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Britain can’t afford to ignore Italy’s new clown
The Times - February 28th 2013
Brits and Italians have one thing in common: they like to dismiss Italian politics, and especially elections, as being irrelevant to them, albeit for different reasons. Ha ha, we want to say, after the clown Silvio Berlusconi they now have the hairy comedian...
Ceci n’est pas une economic forecast, but . . .
The Times - January 21st 2013
Ceci n’est pas une pipe, runs the title of one of Rene Magritte’s most famous paintings, underneath an image that looks, well, rather like a smoking device. Honest economists, which isn’t all of them, need to take a cue from the great surrealist. The...
Italy doesn’t need this clown – or Berlusconi
The Times - December 19th 2012
He just cannot resist the spotlight. Why else would Silvio Berlusconi suddenly announce his umpteenth engagement to a woman half a century younger than him on a TV show on one of the billionaire mogul’s own channels? Why else would he have recently announced...
If the US plays by the rules, China might too
The Times - September 24th 2012
“How courteous is the Japanese,” ran Ogden Nash’s poem from the 1930s, “he always says ‘Excuse it please.’ He climbs into his neighbor’s garden, and smiles and says ‘I beg your pardon’. He bows and grins a friendly grin, and calls his hungry family in;...
Our leaders are following the Micawber Plan
The Times - September 10th 2012
How nice it would be to bounce back cheerfully in after one’s summer break, predicting that the economic crisis was over, that recovery was on the way, that the European Central Bank had saved us all from a euro collapse, that once the American election...
Don´t write off the decadent West just yet
The Times - August 20th 2012
As we near the fourth anniversary of the collapse of the Lehman Brothers investment bank, and even the fifth of when the distressed warbling of canaries in our financial mineshafts began to choke on their American subprime mortgages, we can be forgiven...
China´s tough-guy act masks growing jitters
The Times - August 6th 2012
These days, Chinese efficiency is much admired. Indeed, until our Olympics got successfully under way, London lingered under the shadow of Beijing’s ruthlessly spectacular Games four years ago, a tad nervous that our old-world democracy look stumbling...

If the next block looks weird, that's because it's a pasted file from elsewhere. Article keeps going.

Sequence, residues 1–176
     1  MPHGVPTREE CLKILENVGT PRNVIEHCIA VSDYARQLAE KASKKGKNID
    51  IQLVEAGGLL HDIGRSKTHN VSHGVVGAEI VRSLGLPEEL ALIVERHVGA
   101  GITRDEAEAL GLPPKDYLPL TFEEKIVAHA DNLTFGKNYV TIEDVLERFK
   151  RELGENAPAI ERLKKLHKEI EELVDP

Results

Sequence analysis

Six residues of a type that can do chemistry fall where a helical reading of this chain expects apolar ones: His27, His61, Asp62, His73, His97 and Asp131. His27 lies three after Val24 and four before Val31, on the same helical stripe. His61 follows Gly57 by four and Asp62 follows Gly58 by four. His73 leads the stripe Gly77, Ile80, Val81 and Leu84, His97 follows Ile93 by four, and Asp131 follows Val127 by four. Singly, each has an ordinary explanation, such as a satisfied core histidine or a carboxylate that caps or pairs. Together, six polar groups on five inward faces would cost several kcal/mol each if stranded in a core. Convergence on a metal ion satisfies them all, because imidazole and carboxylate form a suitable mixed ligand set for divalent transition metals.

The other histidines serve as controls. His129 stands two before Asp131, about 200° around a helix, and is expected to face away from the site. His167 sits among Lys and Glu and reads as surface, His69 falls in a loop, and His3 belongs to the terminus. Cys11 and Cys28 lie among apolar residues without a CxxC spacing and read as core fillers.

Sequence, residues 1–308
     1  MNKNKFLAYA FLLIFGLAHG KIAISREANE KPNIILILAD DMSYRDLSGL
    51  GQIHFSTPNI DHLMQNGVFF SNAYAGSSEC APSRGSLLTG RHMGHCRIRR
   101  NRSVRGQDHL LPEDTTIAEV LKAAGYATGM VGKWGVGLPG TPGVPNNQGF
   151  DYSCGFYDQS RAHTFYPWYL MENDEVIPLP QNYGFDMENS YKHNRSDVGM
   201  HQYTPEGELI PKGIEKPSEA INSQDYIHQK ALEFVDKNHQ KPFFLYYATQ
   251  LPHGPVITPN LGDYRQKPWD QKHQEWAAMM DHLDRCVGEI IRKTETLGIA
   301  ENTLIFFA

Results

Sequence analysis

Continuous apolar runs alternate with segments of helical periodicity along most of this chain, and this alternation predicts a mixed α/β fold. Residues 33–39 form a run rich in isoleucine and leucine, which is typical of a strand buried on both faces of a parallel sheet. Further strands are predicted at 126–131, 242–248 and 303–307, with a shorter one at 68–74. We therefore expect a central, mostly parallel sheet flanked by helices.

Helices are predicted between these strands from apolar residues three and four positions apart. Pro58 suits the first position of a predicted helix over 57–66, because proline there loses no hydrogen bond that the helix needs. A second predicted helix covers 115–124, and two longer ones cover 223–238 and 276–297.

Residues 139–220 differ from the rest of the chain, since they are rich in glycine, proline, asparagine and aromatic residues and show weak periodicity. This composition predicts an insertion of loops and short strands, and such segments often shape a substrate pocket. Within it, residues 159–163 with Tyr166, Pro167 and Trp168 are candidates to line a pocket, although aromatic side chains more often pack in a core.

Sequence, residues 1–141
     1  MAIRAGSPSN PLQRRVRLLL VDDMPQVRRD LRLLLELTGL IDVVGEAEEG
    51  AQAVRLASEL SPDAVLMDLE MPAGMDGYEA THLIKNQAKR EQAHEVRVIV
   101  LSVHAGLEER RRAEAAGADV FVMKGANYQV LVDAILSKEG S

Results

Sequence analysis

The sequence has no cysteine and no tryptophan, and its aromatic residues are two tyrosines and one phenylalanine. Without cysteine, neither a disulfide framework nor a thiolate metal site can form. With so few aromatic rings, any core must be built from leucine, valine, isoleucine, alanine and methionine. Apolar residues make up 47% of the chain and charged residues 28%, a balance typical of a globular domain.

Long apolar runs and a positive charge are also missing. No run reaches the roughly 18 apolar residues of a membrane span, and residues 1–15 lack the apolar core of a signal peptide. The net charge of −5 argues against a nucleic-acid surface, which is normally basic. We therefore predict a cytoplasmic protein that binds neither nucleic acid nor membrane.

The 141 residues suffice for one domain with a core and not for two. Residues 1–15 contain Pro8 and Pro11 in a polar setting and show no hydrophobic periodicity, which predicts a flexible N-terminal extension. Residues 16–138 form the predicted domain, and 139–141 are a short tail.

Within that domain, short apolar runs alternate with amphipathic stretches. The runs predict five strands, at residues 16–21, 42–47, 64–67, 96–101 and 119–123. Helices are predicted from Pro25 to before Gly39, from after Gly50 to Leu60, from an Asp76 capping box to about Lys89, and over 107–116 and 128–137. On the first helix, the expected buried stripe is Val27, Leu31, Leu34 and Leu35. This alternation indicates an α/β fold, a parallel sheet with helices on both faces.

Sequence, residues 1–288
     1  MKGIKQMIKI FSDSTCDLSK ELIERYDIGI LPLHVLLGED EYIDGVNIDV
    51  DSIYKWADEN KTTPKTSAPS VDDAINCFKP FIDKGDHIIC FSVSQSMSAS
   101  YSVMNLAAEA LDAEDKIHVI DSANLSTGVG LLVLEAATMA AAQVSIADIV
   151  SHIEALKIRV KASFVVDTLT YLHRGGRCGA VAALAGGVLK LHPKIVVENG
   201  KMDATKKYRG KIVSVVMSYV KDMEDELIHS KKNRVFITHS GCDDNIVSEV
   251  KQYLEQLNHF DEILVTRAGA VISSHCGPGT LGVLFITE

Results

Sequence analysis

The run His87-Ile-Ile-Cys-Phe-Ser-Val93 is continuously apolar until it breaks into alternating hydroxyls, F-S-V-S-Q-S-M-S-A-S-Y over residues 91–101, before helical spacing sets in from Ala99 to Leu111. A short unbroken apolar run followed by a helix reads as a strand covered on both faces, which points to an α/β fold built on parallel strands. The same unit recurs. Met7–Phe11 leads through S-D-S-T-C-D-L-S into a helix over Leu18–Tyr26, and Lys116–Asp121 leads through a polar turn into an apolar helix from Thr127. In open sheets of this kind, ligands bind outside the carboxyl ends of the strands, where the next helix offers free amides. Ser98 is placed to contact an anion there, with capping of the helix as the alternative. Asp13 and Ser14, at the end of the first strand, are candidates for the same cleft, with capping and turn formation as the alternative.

Be bold and resolute - and start taking risks
The Times - July 23rd 2012
The sun has got its hat on, at last, and many are about to luxuriate in all that lycra at the Games. It will be a distraction, of sorts, from the economic gloom that surrounds us, what with the euro-zone recession, figures for British growth on Wednesday...
Leaving Europe won´t let us make all the rules
The Times - July 9th 2012
The issues are simple. That is what the massing ranks of Eurosceptics say, whether in bar-rooms, tea-rooms or TV studios. The British people must be allowed to decide whether to stay in the European Union, and soon, for two big reasons. First, because...
Mario Monti is facing a big, hairy problem
The Times - June 25th 2012
Forget Greece. Put Spain to one side. The future of the euro will be decided in the country whose boot stretches stylishly between them in the middle of the Mediterranean. Yes, Italy. For that country is about to return to the centre-circle not just on...
Europe´s problem is too much leadership
The Times - June 11th 2012
The mind-concentrating merits of imminent catastrophe can be praised once again: the decision by euro-zone finance ministers to lend Spain enough money (100 billion euros) to remove current doubts about the stability of its banking system is a welcome...
Don´t slam the door on Greeks or their money
The Times - May 28th 2012
Is there nothing our government will not stoop to in order to make Britain look bad? Fresh from David Cameron’s lecturing of European leaders and the European Central Bank president about how to save the euro and promote growth, which was pretty rich...
If I were Greek, I´d vote for the Plague Party
The Times - May 14th 2012
Many of us, when confronted with a ballot paper, feel an urge to put a cross in a box marked “a plague on all your houses”. The snag, representative democracy being what it is, is that if enough of you do that you will end up with the Plague Party running...
How Hollande and Merkel could make it work
The Times - April 30th 2012
Two ideas are gripping minds all over Europe. One is that next Sunday’s elections in France and Greece, spiced up by local elections in Italy on the same day, the campaign for the May 31st referendum on Europe’s fiscal treaty in Ireland, and the fall...
Look East, where bad news is good news
The Times - April 16th 2012
Do you want the good news or do you want the bad news? How many times, when someone has said that to you, have you wanted to wring their neck? Well, to save you that trouble, the point of this column is that in this, as in so much else, China is different....
Going private could be the worst of all worlds
The Times - April 2nd 2012
No one, it is safe to say, wants to hear any more about Cornish pasties, nor to find out whether any featured on the menu for those donors’ dinners in the Camerons’ flat. The past fortnight has been apt to give us pasty-faced Brits an inferiority complex...
Not much for workers, not much for business